Three Indicted for Filing False Tax Returns Using Names and Social Security Numbers of Prisoners
Baltimore, Maryland - A federal grand jury has indicted Giacumo Marzano, age 66, of Baltimore; Karen Woodard, age 42, of Suitland, Maryland; and Melanie Taylor, age 34, of La Plata, Maryland, on fraud and identity theft charges in connection with a scheme to file false income tax returns using the names and social security numbers of inmates from the Maryland Department of Corrections and other prisons, announced United States Attorney for the District of Maryland Rod J. Rosenstein. The indictment was returned on March 25, 2008.
According to the 10 count indictment, from 2004 to 2007, Marzano supplied inmates of the Maryland Division of Correction with income tax forms. Marzano coordinated with Woodard and Taylor to mail, receive and cash the inmate’s tax refunds. Marzano and Taylor opened bank accounts for inmates to facilitate cashing the tax refund checks. Marzano also opened a post office box which received money orders from the proceeds of the fictitious tax refunds. After taking part of the refunds for themselves, Woodard and Taylor sent the remainder of the refunds to Marzano, the inmates and others. To hide the scheme and their true identities, the defendants often used fake names.
According to the indictment, the scheme involved over 101 fictitious inmate tax returns with claims totaling $365,599.41.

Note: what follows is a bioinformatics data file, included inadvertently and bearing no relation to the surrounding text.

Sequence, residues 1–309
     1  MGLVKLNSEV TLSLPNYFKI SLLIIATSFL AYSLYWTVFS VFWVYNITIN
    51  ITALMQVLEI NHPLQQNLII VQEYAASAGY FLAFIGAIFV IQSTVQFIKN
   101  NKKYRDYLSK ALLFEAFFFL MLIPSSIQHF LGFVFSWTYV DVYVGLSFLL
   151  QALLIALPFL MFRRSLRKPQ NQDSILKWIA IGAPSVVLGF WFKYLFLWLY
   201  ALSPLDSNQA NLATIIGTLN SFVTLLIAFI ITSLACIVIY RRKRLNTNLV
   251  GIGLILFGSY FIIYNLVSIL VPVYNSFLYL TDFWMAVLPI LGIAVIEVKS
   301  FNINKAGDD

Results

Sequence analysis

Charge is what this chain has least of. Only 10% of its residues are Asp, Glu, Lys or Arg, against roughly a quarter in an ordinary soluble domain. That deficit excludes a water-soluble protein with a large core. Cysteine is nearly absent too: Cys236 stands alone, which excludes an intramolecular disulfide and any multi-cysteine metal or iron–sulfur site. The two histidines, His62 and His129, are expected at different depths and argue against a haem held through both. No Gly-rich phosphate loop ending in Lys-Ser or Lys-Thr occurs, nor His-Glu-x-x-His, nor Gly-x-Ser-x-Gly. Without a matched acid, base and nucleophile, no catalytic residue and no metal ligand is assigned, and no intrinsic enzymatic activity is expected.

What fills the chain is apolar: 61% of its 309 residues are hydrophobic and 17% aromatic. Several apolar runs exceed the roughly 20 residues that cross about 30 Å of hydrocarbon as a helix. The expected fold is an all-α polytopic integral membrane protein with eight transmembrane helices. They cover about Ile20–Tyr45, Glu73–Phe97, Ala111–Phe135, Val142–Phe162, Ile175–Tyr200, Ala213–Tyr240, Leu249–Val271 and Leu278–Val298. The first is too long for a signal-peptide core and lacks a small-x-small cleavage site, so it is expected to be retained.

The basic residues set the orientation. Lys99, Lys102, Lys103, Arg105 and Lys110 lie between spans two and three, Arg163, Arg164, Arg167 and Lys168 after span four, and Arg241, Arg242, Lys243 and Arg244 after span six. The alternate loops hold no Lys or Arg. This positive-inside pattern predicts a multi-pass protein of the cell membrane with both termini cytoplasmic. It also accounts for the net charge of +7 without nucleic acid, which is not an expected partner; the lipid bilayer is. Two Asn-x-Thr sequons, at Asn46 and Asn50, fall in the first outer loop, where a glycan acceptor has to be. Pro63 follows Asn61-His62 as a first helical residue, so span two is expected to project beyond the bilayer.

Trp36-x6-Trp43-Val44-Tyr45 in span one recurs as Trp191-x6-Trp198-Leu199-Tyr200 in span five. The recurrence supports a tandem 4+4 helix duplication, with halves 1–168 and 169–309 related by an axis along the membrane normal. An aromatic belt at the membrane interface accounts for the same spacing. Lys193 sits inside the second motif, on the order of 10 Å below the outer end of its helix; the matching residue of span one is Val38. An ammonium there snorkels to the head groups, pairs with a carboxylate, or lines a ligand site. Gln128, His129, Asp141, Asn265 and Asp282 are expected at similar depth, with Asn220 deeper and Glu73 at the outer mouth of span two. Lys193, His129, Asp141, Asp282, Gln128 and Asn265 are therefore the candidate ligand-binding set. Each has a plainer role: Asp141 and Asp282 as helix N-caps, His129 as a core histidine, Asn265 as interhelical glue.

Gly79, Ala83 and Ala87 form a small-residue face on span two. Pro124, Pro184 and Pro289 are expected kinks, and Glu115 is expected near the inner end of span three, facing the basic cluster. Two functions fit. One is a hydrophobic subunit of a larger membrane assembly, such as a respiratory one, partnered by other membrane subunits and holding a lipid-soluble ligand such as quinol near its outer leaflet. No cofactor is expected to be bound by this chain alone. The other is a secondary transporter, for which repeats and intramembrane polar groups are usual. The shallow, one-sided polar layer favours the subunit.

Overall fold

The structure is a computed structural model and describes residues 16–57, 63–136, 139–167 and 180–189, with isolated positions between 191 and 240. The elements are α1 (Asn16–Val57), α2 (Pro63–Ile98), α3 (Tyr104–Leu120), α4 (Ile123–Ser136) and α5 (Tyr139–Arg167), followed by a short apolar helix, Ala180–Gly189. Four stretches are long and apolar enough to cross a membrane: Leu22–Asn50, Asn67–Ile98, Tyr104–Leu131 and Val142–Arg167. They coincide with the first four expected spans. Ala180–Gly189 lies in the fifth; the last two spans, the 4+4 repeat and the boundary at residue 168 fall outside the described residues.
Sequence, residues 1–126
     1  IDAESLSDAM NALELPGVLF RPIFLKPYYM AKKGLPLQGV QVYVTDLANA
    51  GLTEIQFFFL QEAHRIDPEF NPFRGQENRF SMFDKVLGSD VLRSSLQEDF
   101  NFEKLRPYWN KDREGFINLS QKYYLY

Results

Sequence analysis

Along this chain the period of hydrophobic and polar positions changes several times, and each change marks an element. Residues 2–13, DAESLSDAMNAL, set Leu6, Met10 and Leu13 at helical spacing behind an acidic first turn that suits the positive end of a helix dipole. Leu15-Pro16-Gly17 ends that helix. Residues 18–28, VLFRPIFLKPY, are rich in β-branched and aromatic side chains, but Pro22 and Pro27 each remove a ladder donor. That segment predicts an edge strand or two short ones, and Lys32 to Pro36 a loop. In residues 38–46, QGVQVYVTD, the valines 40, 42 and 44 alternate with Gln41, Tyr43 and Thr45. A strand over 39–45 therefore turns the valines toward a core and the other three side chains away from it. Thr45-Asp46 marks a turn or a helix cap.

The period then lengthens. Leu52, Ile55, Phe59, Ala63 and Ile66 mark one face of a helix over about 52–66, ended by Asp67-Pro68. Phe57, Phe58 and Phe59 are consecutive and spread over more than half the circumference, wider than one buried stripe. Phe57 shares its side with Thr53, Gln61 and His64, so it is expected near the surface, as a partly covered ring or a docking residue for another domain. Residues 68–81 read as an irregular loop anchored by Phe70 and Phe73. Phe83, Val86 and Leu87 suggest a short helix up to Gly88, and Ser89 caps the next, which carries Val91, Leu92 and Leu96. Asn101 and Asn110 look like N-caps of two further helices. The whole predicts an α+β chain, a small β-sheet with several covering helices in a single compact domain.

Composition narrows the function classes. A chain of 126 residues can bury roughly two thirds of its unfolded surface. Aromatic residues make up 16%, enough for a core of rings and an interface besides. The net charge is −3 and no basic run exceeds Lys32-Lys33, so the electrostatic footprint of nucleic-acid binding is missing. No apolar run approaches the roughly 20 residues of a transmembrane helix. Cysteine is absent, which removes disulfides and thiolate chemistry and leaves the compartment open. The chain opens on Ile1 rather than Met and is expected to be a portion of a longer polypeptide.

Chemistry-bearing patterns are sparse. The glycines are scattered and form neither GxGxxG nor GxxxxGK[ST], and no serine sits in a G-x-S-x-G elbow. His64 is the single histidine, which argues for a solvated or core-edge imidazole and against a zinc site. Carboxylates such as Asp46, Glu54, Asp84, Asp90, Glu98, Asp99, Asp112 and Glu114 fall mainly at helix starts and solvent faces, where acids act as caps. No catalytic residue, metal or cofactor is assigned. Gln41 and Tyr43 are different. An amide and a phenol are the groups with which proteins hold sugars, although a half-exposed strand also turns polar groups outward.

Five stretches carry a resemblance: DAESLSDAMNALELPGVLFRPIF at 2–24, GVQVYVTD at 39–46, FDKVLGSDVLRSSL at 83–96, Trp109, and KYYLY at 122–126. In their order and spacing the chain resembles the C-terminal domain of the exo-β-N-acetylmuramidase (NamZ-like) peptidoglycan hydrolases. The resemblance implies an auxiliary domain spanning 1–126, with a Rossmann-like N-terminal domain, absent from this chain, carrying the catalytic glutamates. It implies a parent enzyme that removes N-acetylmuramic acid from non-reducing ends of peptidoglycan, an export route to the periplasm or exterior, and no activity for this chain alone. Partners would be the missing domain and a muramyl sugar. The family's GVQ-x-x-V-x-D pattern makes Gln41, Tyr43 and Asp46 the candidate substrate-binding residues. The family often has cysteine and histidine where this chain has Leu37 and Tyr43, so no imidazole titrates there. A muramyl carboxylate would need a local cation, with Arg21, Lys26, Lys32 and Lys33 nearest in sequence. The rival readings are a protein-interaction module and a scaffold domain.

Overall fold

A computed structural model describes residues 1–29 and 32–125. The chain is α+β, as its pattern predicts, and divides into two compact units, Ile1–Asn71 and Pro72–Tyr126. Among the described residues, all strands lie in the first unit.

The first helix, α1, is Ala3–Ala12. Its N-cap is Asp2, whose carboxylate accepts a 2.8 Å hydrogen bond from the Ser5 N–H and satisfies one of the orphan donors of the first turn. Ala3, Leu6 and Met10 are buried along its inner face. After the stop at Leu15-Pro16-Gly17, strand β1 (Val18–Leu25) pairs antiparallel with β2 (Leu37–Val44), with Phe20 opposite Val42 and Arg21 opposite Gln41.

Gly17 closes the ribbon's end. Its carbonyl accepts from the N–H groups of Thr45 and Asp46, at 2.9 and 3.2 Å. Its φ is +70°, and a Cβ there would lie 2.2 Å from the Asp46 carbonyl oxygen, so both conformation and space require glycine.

Each of the defendants faces a maximum sentence of 10 years in prison for conspiracy to defraud the United States and 20 years in prison for mail fraud. Marzano also faces a maximum of 15 years in prison for producing false identification documents, and a mandatory two years in prison for aggravated identity theft, consecutive to any other sentence imposed. The defendants are scheduled to have their initial appearances in federal district court at 3:00 p.m. today.
An indictment is not a finding of guilt. An individual charged by indictment is presumed innocent unless and until proven guilty at some later criminal proceedings.
United States Attorney Rod J. Rosenstein thanked the U.S. Postal Inspection Service, Internal Revenue Service - Criminal Investigation and the Federal Bureau of Investigation for their investigative work. Mr. Rosenstein commended Assistant United States Attorney Kwame J. Manley, who is prosecuting the case.